Landships II

Members Login
Username 
 
Password 
    Remember Me  
Post Info TOPIC: Colors of a Lanz Tactor
MLW


Lieutenant-Colonel

Status: Offline
Posts: 168
Date:
Colors of a Lanz Tactor
Permalink   


I am wondering what colors were probably used to camouflage the Lanz tractor in this photo.   I read the webpages on German artillery camouflage here but remain confused.  Any help is appreciated!

Regards, Marc



Attachments
__________________

Regards, Marc

Digital History Archive



Commander in Chief

Status: Offline
Posts: 594
Date:
Permalink   

Possibly like their aircraft lozenge camo patterns? The paler of these two, for example.




__________________
MLW


Lieutenant-Colonel

Status: Offline
Posts: 168
Date:
Permalink   

I wonder.  But the tractor is with the artillery not the air forces.  In fact, its towing wagon from the 42cm M-Gerät 'Big Bertha' howitzer.

Regards, Marc



__________________

Regards, Marc

Digital History Archive



Hero

Status: Offline
Posts: 797
Date:
Permalink   

The scheme is common to late war artillery; particulary foot artillery.  Several surviving examples in original paint schemes survive today in the Brussels Musee.   Attached is the trail of a Flak gun which illustrates the colors used.



Attachments
__________________
MLW


Lieutenant-Colonel

Status: Offline
Posts: 168
Date:
Permalink   

Thanks! Do you see the colors as brown, sand, and dark green (and the black dividing lines)? Or is there Feldgrau in the pattern too?

Regards, Marc

__________________

Regards, Marc

Digital History Archive



Commander in Chief

Status: Offline
Posts: 609
Date:
Permalink   

The Brussels example is a late war Buntfarben paint job - like most of the museum's German exhibits picked up from the left behinds of the retreating German army in November/December 1918. These were items abandoned by Heeresgruppe Kronprinz Rupprecht - and specifially 4th and 6th Armies marching through Belgium on their way to Germany. They do not feature grey hues; there are different tones of ochre, greens, brown, red-brown, very red brown, and black dividing lines.

The tractor is seen in the first half of 1918, as part of Colonel Bruchmüller's battering train. There ought to be a 'feldgrau' base colour (whatever that means...), to which dapples of various colours have been added - but without black dividing lines. It's a rather common 1917/18 artillery dapple pattern, but the nature of the colours used is open to debate. There was no supply of specific camouflage colours, and the units on the ground used everything they could lay their hands on.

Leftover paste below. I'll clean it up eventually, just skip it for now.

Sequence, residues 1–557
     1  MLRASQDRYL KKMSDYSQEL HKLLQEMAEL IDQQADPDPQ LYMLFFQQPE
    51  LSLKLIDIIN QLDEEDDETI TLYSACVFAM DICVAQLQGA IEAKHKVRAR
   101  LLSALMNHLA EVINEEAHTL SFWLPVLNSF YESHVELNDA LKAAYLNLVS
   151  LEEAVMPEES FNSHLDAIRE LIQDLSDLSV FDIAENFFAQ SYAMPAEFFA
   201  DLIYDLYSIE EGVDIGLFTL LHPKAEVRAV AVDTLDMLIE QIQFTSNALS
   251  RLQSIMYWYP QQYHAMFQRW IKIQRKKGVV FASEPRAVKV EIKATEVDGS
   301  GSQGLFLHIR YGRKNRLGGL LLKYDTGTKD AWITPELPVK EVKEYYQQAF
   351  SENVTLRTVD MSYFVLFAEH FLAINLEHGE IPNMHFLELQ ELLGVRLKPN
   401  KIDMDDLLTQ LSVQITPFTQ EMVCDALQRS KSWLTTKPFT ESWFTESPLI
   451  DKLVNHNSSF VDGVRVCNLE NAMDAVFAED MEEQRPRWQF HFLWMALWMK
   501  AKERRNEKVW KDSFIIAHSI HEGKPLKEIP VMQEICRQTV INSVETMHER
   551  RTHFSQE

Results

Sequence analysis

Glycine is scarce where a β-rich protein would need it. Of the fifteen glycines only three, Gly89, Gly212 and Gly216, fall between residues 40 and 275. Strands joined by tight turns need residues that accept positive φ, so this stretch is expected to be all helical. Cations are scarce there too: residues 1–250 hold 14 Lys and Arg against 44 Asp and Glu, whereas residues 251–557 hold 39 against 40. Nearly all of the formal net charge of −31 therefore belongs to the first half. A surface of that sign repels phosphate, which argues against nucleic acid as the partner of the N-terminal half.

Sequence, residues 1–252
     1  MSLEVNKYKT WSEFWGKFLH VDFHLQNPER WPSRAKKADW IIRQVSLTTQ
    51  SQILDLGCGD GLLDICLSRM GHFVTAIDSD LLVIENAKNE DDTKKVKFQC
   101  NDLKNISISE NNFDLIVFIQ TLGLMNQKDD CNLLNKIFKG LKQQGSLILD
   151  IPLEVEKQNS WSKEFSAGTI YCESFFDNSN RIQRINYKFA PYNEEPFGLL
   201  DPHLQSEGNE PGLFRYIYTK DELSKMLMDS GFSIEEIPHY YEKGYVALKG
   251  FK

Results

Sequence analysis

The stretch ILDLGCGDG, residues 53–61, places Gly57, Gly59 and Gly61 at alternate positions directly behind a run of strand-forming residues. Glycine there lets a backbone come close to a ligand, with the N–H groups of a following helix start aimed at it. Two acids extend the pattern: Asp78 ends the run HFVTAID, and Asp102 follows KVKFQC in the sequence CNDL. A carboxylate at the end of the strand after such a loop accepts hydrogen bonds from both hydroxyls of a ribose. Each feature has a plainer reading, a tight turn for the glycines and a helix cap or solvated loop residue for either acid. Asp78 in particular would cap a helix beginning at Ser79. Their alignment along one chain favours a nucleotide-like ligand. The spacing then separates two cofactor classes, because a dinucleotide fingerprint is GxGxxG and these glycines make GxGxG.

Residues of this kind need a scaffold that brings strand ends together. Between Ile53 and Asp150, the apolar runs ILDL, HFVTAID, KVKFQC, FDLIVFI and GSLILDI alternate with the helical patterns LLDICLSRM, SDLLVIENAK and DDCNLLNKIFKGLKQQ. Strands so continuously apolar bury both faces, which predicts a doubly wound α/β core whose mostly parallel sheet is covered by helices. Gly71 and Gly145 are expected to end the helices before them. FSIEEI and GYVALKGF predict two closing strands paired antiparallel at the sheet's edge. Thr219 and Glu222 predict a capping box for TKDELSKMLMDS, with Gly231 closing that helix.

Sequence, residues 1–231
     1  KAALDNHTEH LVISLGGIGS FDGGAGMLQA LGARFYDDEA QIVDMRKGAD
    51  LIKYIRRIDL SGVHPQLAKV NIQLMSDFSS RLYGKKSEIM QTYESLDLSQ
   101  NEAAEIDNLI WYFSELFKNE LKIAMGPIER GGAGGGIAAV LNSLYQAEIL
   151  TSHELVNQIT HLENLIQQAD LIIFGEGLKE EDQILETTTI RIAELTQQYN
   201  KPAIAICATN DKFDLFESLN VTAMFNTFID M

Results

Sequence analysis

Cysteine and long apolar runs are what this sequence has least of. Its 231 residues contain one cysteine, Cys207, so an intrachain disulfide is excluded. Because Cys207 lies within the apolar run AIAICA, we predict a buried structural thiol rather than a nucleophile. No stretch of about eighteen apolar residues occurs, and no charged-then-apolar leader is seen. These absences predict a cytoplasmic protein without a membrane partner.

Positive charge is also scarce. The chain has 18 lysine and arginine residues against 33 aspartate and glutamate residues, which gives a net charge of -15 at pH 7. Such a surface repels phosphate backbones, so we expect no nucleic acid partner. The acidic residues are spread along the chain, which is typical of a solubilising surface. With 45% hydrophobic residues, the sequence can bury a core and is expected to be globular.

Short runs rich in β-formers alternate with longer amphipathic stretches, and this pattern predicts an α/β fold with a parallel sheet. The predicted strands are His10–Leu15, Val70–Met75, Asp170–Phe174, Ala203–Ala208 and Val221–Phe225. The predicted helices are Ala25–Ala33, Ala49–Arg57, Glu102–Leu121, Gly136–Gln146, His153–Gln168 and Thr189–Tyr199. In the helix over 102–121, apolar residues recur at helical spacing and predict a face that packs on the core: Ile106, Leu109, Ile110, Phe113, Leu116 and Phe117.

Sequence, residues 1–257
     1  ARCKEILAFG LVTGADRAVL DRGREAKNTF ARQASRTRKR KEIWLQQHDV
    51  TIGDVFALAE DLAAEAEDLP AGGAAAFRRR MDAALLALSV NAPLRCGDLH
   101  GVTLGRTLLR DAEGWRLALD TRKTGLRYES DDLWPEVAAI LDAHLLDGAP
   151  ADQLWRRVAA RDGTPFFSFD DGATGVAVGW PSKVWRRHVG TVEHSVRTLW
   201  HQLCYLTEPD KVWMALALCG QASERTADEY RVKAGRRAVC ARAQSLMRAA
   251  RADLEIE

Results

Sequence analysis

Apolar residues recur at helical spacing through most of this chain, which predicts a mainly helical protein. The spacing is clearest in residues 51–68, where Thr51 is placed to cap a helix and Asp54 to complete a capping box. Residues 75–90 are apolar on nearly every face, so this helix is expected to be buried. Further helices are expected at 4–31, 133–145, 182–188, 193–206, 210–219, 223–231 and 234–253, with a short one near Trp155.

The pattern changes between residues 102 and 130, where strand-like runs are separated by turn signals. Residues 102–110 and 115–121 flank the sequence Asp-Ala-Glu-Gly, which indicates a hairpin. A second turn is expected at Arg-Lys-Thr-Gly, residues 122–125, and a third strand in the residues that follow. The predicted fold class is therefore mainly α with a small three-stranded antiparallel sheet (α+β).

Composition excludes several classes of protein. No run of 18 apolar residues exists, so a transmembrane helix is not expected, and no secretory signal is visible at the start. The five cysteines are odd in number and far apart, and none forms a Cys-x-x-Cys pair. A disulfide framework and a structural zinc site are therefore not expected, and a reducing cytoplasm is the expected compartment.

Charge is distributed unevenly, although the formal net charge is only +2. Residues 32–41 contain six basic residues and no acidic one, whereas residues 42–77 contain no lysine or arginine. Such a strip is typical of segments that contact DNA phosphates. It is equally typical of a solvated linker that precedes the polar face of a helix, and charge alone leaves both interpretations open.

__________________
MZ


Colonel

Status: Offline
Posts: 245
Date:
Permalink   

mad zeppelin wrote:

The tractor is seen in the first half of 1918, as part of Colonel Bruchmüller's battering train. There ought to be a 'feldgrau' base colour (whatever that means...), to which dapples of various colours have been added - but without black dividing lines. It's a rather common 1917/18 artillery dapple pattern, but the nature of the colours used is open to debate. There was no supply of specific camouflage colours, and the units on the ground used everything they could lay their hands on.


 

Thanks Mad Zeppelin. I agree concerning the towing wagon (tube on the transport wagon). Here annother picture.

 

 

Just an additional thougth: Lanz tractors originally had a light bluish-gray color tint. Could be that they didn't overpaint the blue with 'feldgrau' and just added some dapples as described above ...

 

 

BTW the tractor on the right in Marcs picture is again the rare Kaelble; only two had been built. One of them found its way to Aberdeen after the war together with the Big Bertha! Any further information on "Colonel Bruchmüller's battering train"?

 

Cheers, Peter



__________________

"Siplicity is the ultimate sophistication" -Leonardo Da Vinci-



Commander in Chief

Status: Offline
Posts: 609
Date:
Permalink   

'A light bluish-gray color tint' would count as 'feldgrau', like any reasonably dulled colour; so, most probably dapples just added.

The 'battering train' was the heavy and long range artillery that was shifted around in support of the various German offensives in 1918.



-- Edited by mad zeppelin on Tuesday 23rd of October 2012 01:57:26 PM

__________________
MZ
MLW


Lieutenant-Colonel

Status: Offline
Posts: 168
Date:
Permalink   

Thanks for the information! One last question for now - did the front wheels on the tractor have solid rubber "tires"?

Regards, Marc

__________________

Regards, Marc

Digital History Archive



Hero

Status: Offline
Posts: 797
Date:
Permalink   

No,.. cast steel.



__________________
MLW


Lieutenant-Colonel

Status: Offline
Posts: 168
Date:
Permalink   

Thank you very much!



__________________

Regards, Marc

Digital History Archive



Colonel

Status: Offline
Posts: 245
Date:
Permalink   

28juni14 wrote:

No,.. cast steel.


 I' am quite not an expert for Lanz tractors, but it seems more likely pressed steel to me.

Look here ...

 

Cheers, Peter





__________________

"Siplicity is the ultimate sophistication" -Leonardo Da Vinci-

Page 1 of 1  sorted by
 
Quick Reply

Please log in to post quick replies.

Tweet this page Post to Digg Post to Del.icio.us


Create your own FREE Forum
Report Abuse
Powered by ActiveBoard